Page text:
Those two stats show Canada's performance throughout the pandemic, and based on the supports from various levels of government, Canada's response, comparatively speaking, has been stronger.
    I will not stop at the United States. I would also like to reference the United Kingdom very quickly.
    The U.K. government has a program called the job retention scheme, which is equivalent to the Canada emergency wage subsidy. Just for comparison purposes, as of November 5, it had spent 43 billion pounds, which is roughly $73 billion Canadian, and we had spent $50 billion Canadian. We have spent about $23 billion less than the U.K., but it has double our population.
    When we look at the amount of money that has been spent by the federal government specifically on businesses, I would argue that this government has had a robust plan to support businesses throughout the entire pandemic. I have no doubt, and I have the greatest degree of confidence, that we will be there right through to the other side of this so that we can come back in a much stronger position than we would have been had we not helped out Canadians and small businesses.


    Madam Speaker, I am glad tourism in the member's area is doing so well. While he was giving his speech, I got a text from the CEO of Tourism Saskatoon asking for an urgent meeting with me. Things are not going well in Saskatoon. It lost the Junos, which was a $9-million hit, on March 15, and it has never recovered from that.
    The hon. member talked about how well things are going in his riding, but that is not the case all over this country. Saskatoon is one place that I can tell him is in deep financial trouble right now and may never recover from it.
    Madam Speaker, I do not think the member was listening to me. I did not say the tourism sector in my riding was doing well. I said the tourism sector represented a lot of the economic activity in my riding and, in fact, is being hit extremely hard by the pandemic. I also said the government has invested so much in supporting the sector and continues to do so, as indicated in the fall economic statement.
    I encourage him to reach out to the economic adviser or the chamber of commerce that reached out to him and report back the good news that the federal government is going to continue to be there for tourism and has just recently announced in the fall economic statement an additional $500 million to support this sector through the pandemic.



    Madam Speaker, I thank my colleague from Kingston and the Islands for his speech.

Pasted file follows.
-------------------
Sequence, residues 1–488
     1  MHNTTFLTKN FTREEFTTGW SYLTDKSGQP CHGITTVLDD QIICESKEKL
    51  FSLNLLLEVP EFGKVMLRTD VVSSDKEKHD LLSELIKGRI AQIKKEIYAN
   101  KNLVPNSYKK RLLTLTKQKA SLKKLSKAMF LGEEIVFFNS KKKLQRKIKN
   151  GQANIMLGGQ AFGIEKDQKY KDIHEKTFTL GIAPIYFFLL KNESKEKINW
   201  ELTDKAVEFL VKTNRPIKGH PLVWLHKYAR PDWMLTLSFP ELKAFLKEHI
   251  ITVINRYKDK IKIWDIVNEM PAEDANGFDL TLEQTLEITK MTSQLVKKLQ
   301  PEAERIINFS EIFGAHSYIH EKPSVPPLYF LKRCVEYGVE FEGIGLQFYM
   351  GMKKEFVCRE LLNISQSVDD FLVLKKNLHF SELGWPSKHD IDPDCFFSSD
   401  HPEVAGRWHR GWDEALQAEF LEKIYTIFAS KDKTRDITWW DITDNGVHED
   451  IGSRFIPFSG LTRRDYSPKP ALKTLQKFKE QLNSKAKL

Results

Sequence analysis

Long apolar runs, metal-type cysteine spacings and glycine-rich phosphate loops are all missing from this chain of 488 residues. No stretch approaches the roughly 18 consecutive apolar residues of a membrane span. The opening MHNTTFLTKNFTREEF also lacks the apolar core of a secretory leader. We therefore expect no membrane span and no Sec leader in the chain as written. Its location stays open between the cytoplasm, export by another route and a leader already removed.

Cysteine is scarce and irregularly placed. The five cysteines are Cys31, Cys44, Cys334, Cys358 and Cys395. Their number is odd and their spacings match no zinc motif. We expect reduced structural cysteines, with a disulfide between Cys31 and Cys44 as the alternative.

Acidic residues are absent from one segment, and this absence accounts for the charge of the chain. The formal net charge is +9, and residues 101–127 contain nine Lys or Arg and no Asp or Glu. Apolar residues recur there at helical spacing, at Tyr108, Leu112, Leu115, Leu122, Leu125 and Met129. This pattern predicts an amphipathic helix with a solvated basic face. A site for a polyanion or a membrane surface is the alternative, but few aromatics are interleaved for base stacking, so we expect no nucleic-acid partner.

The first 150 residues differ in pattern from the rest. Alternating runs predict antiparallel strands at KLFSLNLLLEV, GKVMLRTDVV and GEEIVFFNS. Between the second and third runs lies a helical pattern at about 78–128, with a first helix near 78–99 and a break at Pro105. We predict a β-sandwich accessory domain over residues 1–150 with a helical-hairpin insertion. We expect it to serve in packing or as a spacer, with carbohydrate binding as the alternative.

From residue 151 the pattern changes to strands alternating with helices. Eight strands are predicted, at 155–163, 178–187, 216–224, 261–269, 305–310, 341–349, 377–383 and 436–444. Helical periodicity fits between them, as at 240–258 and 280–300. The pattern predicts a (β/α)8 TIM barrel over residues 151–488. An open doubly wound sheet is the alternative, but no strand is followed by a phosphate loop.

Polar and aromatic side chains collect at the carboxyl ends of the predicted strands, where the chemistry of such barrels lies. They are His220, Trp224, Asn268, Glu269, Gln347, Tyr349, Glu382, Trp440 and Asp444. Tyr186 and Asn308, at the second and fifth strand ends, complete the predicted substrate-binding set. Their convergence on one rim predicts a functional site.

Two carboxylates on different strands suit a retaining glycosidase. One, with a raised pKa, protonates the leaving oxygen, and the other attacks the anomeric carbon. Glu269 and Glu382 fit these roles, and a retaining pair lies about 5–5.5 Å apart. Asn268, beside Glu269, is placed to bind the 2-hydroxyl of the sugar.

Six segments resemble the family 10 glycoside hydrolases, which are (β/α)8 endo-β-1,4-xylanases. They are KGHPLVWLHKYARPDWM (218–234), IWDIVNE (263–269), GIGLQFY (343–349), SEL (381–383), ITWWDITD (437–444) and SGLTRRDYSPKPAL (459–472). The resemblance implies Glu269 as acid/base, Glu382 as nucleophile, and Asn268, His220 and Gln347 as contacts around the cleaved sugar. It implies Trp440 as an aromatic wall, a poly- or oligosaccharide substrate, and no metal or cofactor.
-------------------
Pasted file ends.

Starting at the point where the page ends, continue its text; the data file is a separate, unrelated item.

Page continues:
I really liked some of the words that he repeated several times, including the word “tourism”. I am the proud Bloc Québécois critic for tourism, and I think that I have a good handle on the file.
    I think that $500 million for tourism across Canada is peanuts for an industry that has been hard hit since the beginning of the crisis and was subject to the lockdown. It will take a lot of time for this industry to recover because, as we know, it will still be some time before we have a vaccine. That means it will be difficult for people to stay in hotels and attend events, so it will be difficult for the tourism industry to recover.
    The Alliance de l'industrie touristique du Québec asked for two things before the economic update, and I was even able to ask the government representatives in the House about them. Those two things are an additional extension of the Canada emergency wage subsidy and assistance for fixed costs to free up more cash flow.
    In April, the Deputy Prime Minister, who is now also the Minister of Finance, announced that the government was committed to increasing liquidity support, but nothing has been done to date.
    The only announcement the government made for the tourism industry in the economic update was that it will now provide 100% government-guaranteed financing for businesses. There are limits to what it is willing to do for the tourism industry, and what it is doing is not enough.
    Does my colleague really think that he is going to help the tourism industry by letting it go further into debt?


    Madam Speaker, I am sure the member, being the critic, knows a lot about this. However, as an MP who represents a riding that has a lot of tourism in it, I also know quite a bit about this subject matter. I can tell him that there are individuals with small businesses who are continually asking the government, as I mentioned during my speech, to continue to support them through the economic recovery fund that was specifically designed for businesses such as theirs.